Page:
Essentially, you'll feed your baby one last time right before you go to bed. This will likely mean getting them out of their crib and getting them to stir just enough that they'll take a full feed. That's the gist, but we have an entire post about how to dream feed here.
A dream feed will help top your baby off one last time before bed and will reduce the number of times they'll need to feed in the middle of the night.
7.) Take a Break
Even for the most flexible, easygoing moms, cluster feeding can be a lot. It's exhausting feeling like you're doing everything you can to satisfy your baby and they're still hungry. Remind yourself that it's temporary helps, but in the moment it feels like it will never end.
It's important that you give yourself a break, even if it's short. Pass your little one off to your partner and take a bath or go for a walk. You'll want to avoid giving a bottle simply because in order for your milk supply to increase as your baby requires, you'll need that breast stimulation from the cluster feeds. But try to utilize any spare time between feeds to let chores go and give yourself a little "me time" or take a little nap. This will go along way with staying positive even when your baby needs to feed multiple times in the evening or overnight.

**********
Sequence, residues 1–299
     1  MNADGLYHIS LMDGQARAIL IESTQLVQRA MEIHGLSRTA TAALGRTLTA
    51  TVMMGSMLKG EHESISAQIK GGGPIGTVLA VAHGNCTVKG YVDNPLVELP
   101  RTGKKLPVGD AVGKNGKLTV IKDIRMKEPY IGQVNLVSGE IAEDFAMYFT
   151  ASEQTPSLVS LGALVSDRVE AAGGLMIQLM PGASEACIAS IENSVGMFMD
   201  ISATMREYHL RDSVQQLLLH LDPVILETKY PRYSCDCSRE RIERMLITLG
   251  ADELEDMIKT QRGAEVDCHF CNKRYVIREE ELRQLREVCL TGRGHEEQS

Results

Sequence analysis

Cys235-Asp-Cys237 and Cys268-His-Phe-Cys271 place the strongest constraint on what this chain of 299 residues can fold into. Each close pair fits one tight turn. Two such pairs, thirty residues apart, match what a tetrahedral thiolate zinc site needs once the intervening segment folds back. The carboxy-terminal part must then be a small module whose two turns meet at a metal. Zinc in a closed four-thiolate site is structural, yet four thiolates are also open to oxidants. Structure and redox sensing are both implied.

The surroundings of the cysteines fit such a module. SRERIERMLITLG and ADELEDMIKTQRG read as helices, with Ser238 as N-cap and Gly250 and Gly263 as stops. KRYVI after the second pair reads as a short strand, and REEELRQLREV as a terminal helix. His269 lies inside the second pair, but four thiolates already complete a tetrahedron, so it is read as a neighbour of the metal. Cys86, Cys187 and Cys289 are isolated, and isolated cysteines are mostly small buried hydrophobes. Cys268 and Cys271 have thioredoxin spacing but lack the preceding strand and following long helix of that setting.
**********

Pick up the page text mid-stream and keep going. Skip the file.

How long does cluster feeding last?
Cluster feeding is normal behavior for newborns and typically happens during growth spurts. So while your baby used to feel satisfied in a more predictable pattern (around every 2-3 hours throughout the day), expect more back to back feedings at around 3 weeks old, 6 weeks old, 3 months and 6 months. Keep in mind that every baby is different, so these dates are not one size fits all. But as growth spurts occur, it means that their little brains and bodies are developing, and that extra feeding helps.